Ms. Wyman said by email, “Currently there are no active infestation in New York, although there was a dead SLF found in Delaware County last December, SLF is an ‘early detection species’ for Catskill Regional Invasive Species Partnership (CRISP), meaning we want folks to really be on the lookout for this pest, as early detection usually means a greater chance for effective management. This species is particularly problematic, as it can reproduce on a wide variety of surfaces and impacts a wide range of commercially important products, such as apples and grapes.”

As part of ISAW Cornell Cooperative Extension of Columbia and Greene Counties hosts a free invasive species overview program Thursday, July 12 from 2 to 3:30 p.m. to familiarize people with the invasive species in this region as well as early detection species that are emerging threats to local ecosystems. This free program takes place at CCE’s Agroforestry Resource Center, 6055 Route 23 in Acra (Greene County). Register online at or call 518-622-9820 x0.

One of the statewide events happening this year is the “Invasive Species Mapping Challenge” from July 5 to 19. DEC and iMapInvasives are expanding the annual Water Chestnut Chasers Challenge to include a new competition for reporting jumping worms. The aim of this friendly competition is to teach citizens how to identify, survey and report these invasives, while gathering data for the state’s invasive species database. Prizes will be awarded to those who report the greatest number of positive and negative observations for each species. To learn how to participate and sign up for an informational webinar visit To find other ISAW events visit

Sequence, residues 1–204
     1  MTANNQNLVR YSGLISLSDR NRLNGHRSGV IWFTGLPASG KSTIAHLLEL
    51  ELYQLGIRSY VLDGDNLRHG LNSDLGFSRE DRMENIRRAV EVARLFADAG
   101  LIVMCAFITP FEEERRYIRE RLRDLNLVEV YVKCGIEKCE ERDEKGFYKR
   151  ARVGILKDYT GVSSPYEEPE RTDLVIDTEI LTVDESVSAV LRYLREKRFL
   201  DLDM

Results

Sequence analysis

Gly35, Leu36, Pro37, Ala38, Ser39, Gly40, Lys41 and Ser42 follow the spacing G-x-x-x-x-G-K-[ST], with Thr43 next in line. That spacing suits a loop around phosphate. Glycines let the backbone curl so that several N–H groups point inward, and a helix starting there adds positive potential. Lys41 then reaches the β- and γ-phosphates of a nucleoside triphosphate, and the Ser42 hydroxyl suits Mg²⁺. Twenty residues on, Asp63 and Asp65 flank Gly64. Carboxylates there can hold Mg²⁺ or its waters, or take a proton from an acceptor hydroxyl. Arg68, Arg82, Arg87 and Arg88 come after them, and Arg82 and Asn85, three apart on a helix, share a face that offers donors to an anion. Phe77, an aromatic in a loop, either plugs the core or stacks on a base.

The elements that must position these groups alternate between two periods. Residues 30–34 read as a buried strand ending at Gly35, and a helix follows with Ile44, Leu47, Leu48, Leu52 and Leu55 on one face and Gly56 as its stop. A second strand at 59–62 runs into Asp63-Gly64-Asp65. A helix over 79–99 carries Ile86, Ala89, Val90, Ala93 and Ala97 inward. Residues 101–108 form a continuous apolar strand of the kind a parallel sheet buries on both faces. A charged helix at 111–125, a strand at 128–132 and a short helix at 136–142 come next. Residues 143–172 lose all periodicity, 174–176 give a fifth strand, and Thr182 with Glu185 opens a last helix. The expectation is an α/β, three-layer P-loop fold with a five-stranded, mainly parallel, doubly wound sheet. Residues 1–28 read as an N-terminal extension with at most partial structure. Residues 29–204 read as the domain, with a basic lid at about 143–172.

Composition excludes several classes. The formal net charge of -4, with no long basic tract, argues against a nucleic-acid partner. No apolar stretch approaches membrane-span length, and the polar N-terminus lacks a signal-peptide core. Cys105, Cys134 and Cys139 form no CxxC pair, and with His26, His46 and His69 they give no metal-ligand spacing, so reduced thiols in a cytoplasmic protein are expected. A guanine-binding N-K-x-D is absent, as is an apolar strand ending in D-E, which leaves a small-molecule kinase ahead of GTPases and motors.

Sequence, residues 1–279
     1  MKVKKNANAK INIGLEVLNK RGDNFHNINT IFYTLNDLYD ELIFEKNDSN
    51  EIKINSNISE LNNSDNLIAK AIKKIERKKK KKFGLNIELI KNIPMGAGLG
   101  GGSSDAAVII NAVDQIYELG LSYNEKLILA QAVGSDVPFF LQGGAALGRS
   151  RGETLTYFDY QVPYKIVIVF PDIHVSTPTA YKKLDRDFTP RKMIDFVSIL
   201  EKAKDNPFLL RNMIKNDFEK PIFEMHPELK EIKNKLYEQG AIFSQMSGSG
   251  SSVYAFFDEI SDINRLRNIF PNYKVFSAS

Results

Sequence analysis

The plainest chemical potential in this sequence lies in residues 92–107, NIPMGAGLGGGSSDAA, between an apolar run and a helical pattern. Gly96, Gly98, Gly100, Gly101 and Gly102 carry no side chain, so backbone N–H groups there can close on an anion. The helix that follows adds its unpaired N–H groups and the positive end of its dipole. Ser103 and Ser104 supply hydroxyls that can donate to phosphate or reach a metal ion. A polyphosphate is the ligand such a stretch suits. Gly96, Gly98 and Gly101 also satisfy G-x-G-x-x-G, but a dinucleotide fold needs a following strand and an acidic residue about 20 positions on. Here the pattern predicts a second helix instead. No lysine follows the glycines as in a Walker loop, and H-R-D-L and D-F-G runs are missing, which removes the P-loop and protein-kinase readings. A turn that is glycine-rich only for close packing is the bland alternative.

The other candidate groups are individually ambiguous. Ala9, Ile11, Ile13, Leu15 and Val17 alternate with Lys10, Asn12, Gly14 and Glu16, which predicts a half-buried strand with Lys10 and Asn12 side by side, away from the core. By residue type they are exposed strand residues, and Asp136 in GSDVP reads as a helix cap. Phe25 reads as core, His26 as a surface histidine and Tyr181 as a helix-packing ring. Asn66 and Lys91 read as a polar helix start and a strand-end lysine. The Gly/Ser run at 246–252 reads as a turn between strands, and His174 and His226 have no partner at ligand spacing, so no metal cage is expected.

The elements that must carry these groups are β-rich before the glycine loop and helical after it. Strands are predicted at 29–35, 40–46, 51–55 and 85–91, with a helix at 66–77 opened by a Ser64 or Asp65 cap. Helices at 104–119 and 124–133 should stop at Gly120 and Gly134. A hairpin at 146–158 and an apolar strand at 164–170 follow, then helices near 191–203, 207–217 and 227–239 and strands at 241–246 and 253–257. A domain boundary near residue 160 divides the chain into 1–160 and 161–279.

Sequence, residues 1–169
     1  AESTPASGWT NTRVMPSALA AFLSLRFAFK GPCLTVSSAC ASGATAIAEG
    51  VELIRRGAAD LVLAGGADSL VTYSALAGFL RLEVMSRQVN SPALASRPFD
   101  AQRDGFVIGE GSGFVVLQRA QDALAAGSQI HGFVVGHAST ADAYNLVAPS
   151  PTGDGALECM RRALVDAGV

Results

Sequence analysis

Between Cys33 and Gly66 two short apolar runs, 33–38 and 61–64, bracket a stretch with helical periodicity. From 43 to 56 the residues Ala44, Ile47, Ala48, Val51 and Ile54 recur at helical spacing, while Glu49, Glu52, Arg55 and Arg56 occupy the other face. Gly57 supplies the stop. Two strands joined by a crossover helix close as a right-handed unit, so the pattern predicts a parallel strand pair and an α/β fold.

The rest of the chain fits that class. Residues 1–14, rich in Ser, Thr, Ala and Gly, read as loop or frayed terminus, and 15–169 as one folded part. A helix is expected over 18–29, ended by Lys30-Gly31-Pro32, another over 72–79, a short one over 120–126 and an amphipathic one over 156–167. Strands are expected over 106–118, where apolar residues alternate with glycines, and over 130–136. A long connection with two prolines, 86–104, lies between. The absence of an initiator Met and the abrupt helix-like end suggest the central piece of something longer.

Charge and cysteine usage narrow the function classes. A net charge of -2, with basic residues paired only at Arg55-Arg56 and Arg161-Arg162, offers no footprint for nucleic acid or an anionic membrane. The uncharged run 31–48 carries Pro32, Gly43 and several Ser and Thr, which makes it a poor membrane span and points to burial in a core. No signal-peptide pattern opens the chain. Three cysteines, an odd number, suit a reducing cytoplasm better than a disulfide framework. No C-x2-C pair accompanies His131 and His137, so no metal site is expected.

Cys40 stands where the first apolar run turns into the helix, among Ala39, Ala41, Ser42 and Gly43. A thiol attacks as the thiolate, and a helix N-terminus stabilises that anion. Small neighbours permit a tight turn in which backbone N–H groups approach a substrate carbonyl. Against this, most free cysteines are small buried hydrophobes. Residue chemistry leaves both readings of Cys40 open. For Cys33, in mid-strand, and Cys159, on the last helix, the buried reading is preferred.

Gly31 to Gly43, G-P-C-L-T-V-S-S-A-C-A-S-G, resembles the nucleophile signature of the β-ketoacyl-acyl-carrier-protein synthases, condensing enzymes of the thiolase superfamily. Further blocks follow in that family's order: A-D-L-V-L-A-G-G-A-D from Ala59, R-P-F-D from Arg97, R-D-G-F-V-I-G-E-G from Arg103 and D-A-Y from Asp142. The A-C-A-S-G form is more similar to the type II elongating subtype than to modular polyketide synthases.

Anyone who sees spotted lantern flies should contact the local Partnerships for Regional Invasive Species Management (PRISM,) John Thompson, 845-586-2611,; or CCE office, 518-828-3346, or report it directly to the DEC, or iMapInvasives

Whether it’s removing invasive seeds from boots before and after hiking; using native plants when gardening and landscaping; or using local firewood to prevent the spread of forest pests and diseases, we can all do our part to stop the spread,” says the DEC release.

To contact Diane Valden email

Related Posts